A long-lasting patio is a lot like a smooth paint job—it’s all about the prep work. Rush to put pavers down on a faulty base, and it might take only a few seasons for the stones to shift and become a tripping hazard. Walpole, Massachusetts, homeowner Michael Kelleher, along with landscape designer Jennifer Nawada and landscape contractor A. Bonadio & Sons, focused most of the project time for the 18-by-18-foot patio on creating a rock-solid foundation. The built-in fire pit, made from massive salvaged blocks of granite, anchors the patio design and keeps the festivities going after the sun goes down. Follow along as they show you how to construct a bluestone patio around a centerpiece fire pit from excavated base to barbecue-ready.
Bluestone pavers: about $9.25 per square foot.
Salvaged granite blocks: $2,000; Landscape Depot
Watch the video of this patio installation
SATURDAY: Prep the base and install the fire pit (Steps 1–9).
SUNDAY: Lay the bluestone pavers (Steps 10–16).
Build the Base
String a mason line to a pair of stakes about a foot beyond the final patio size. Add three more perimeter string lines to complete the patio outline, squaring each using the 3-4-5-foot rule. Use a line level to slope the strings inch per foot, so water will run off the patio and away from the house. Make an X with two more strings diagonally between corners. You’ll use all these lines to measure the height of the base as you build, removing and replacing them as needed. Now dig up the topsoil layer, about 8 to 12 inches, then tamp the subsoil with a plate compactor. Finally, spread a 3-inch-thick layer of paver base and rake it level.
Dampen the paver base with a garden hose to keep down the dust, and run the plate compactor over the surface. Add a second layer of paver base, rake it level, moisten it, then compact again. Repeat with 3-inch layers until the foundation is 2 inches below the mason line.
Determine the location of the fire pit—ours is centered in the patio and parallel to the nearby deck. Use the paint to mark the outside perimeter of the finished fire pit on the compacted base. Stretch a mason line across the patio base, tied off to stakes beyond the perimeter lines, then square it to a perimeter string. This represents the outside face of one of the fire pit walls, and you’ll use it later to square the pavers. To trim the granite to length (ours are 13x36 inches), start by drawing a cut line with a wax pencil along three sides of the stone. Chuck a ½-inch masonry bit into a rotary hammer, then put on hearing, eye, and lung protection. Drill a series of holes 3 inches deep and about 3 to 4 inches apart along the cut line. Spray the bit with water to keep down the dust.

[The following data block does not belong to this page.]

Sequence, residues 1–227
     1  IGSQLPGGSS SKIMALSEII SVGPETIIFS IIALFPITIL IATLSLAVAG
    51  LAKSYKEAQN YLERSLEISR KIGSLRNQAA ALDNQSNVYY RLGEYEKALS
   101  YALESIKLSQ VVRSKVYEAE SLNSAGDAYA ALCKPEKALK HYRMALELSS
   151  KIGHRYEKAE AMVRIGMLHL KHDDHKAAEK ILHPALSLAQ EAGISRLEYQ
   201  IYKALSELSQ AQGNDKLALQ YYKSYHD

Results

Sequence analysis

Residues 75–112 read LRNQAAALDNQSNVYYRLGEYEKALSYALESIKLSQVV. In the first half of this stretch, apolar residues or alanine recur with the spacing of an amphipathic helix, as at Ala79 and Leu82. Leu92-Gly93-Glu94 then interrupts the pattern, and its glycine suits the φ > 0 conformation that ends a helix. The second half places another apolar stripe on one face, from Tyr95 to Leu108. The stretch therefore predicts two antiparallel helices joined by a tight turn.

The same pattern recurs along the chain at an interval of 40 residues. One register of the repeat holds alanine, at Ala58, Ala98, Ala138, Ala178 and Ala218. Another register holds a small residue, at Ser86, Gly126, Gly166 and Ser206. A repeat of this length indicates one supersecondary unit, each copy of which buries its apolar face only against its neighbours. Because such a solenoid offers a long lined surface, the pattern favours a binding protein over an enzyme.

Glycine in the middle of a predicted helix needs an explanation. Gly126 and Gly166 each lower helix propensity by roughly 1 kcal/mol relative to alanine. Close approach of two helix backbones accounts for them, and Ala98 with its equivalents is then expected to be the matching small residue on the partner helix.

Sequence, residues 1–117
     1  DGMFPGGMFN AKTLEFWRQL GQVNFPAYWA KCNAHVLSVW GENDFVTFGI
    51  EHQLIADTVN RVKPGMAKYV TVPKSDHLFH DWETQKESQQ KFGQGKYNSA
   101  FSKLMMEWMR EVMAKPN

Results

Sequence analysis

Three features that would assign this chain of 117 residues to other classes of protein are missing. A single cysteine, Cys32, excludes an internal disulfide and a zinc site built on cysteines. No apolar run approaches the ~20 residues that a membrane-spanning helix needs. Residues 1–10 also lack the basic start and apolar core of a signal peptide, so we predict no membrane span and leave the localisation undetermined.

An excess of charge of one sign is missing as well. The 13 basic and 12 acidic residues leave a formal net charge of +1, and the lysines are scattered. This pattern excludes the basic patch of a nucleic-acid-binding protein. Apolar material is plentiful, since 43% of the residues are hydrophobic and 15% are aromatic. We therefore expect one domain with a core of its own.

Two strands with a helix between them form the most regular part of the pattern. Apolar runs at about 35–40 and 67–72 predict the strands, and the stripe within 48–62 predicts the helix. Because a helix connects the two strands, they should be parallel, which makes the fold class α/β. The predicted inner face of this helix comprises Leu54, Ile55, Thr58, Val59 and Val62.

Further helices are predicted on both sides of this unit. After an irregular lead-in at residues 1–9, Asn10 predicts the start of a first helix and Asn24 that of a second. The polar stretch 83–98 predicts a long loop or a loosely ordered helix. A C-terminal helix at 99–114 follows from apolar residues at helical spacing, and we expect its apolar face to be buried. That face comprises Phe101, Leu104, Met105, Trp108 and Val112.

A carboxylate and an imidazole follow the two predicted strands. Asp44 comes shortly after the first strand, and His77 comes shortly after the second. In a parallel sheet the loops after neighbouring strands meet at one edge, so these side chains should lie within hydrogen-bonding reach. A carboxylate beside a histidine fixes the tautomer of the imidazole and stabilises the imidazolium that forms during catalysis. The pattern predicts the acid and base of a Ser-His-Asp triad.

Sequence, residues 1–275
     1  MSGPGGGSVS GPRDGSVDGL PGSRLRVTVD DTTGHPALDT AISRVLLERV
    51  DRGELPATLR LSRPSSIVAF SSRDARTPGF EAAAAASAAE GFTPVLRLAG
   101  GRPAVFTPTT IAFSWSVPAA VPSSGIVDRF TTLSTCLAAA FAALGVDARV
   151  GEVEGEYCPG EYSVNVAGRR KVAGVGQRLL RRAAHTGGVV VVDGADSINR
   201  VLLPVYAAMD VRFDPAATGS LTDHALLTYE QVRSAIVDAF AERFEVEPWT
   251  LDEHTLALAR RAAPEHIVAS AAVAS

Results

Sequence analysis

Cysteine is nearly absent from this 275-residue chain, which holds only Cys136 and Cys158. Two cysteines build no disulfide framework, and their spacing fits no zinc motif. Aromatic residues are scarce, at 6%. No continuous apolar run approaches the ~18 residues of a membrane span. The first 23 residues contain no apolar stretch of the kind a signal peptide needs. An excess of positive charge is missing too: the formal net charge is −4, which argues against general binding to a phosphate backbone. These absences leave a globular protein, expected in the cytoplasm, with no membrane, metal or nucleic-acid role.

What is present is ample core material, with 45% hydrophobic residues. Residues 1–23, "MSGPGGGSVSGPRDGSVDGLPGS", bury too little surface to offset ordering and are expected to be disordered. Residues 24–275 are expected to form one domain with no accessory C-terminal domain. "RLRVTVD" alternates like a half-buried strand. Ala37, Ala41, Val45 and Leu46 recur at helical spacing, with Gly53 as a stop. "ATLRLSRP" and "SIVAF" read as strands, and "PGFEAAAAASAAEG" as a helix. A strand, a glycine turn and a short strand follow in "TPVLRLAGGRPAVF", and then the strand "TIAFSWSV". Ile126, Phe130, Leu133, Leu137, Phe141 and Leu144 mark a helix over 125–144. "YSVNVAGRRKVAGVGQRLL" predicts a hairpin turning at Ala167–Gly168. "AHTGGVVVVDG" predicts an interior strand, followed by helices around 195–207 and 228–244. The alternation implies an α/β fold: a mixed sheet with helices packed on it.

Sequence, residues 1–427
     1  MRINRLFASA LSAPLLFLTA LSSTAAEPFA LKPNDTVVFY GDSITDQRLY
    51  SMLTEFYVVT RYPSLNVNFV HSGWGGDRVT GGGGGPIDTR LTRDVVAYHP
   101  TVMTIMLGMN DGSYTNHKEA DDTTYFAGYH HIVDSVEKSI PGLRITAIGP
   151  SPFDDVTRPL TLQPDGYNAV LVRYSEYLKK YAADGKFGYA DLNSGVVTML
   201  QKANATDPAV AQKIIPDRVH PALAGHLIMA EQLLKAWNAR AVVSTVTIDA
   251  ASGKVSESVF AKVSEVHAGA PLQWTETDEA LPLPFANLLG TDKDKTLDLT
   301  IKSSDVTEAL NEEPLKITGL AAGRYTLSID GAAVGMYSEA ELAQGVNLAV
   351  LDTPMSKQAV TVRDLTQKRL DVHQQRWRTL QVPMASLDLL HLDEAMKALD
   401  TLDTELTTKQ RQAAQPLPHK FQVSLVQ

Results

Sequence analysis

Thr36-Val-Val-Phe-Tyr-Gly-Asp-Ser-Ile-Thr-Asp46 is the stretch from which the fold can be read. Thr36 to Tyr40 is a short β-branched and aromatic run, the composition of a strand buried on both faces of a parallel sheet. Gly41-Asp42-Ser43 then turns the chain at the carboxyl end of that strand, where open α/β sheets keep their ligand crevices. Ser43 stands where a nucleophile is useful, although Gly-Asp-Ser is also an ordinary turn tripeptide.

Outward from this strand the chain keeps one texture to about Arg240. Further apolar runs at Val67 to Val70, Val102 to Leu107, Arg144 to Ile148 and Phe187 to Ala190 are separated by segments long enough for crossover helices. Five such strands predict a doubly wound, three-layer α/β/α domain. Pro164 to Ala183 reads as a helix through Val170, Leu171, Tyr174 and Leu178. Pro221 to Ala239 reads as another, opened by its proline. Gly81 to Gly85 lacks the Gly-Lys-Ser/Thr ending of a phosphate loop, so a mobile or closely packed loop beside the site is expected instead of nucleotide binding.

Set a pair of curved steel feathers and a wedge into each opening. Fit the wedge between the feathers, which should curve out and away from each other. Tap each wedge lightly with a 3-pound sledgehammer until it fits snugly.
Strike the Steel
Using the sledgehammer and working sequentially, hit each wedge a little at a time until the rock splits along the cut line.
Reveal the New Face
Once the rock cracks, pull the feathers and wedges out and pry away the waste, exposing the new split face.
Set the First Stone
Use a mini excavator fitted with a lifter attachment to guide the first section of granite into place, or hire a landscape contractor to help. As the operator lowers the stone, use a digging bar to guide it into alignment along the paint markings made earlier. Set the stone in place and check for level, as shown. If the granite is out of level, lift the stone, and shovel some paver base to the low spots underneath and reset the stone.
Tip: to save time, ask if the stone yard can cut the granite blocks to size and set them in place on the base.
Finish the Fire Pit
Set the second piece of granite so it butts up to the end of the first one, making a corner. Check it for level, then repeat the process for the remaining granite pieces.
Dump a 2- to 3-inch-deep layer of 3⁄4-inch crushed stone into the pit and rake it level. This stone will help the fire pit to drain after a rain.
Set Bluestone Height
Snap a mason line across one side of the fire pit 2 inches above the compacted base, as shown. This line represents the finished height of the bluestone once the pavers are tamped in place.
Compact Stone Dust
Add a 2- to 3-inch-thick layer of stone dust over the base and tamp it to about a ½ inch.
Set the First Stone
Work out the patio pattern on paper first. Then lay a 24-inch-long piece of bluestone about 3⁄8 inch away from the edge of the granite so it extends past the fire pit corner by about 18½ inches, leaving enough room for the second paver and the joint. Make sure the paver is evenly spaced away from the mason line by the fire pit. Check the bluestone for level, accounting for the 1⁄4-inch pitch; tamp with a rubber mallet to set the stone.
Tip: design the patio pattern on 1⁄4-inch graph paper. Draw the perimeter first, then add pavers to scale, repositioning as necessary for a random look. Try to keep joints less than 3 feet long.
Turn the Corner
Place an 18-by-18-inch paver next to the first one, leaving about a 3⁄8-inch-wide joint between the stones. Check that it’s level, then set it with a mallet.
Finish the Pattern
Continue building out the bluestone pattern, mixing 24- and 12-inch wide pavers together while keeping the outside edges of the patio straight. Stagger the joints between neighboring pavers.
Fill the Joints
Spread stone dust over the finished patio, and brush it into the joints with a broom. Repeat until the joints are full, then mist the patio down with water to settle the joints. Add topsoil around the edges of the patio to cover any exposed base material.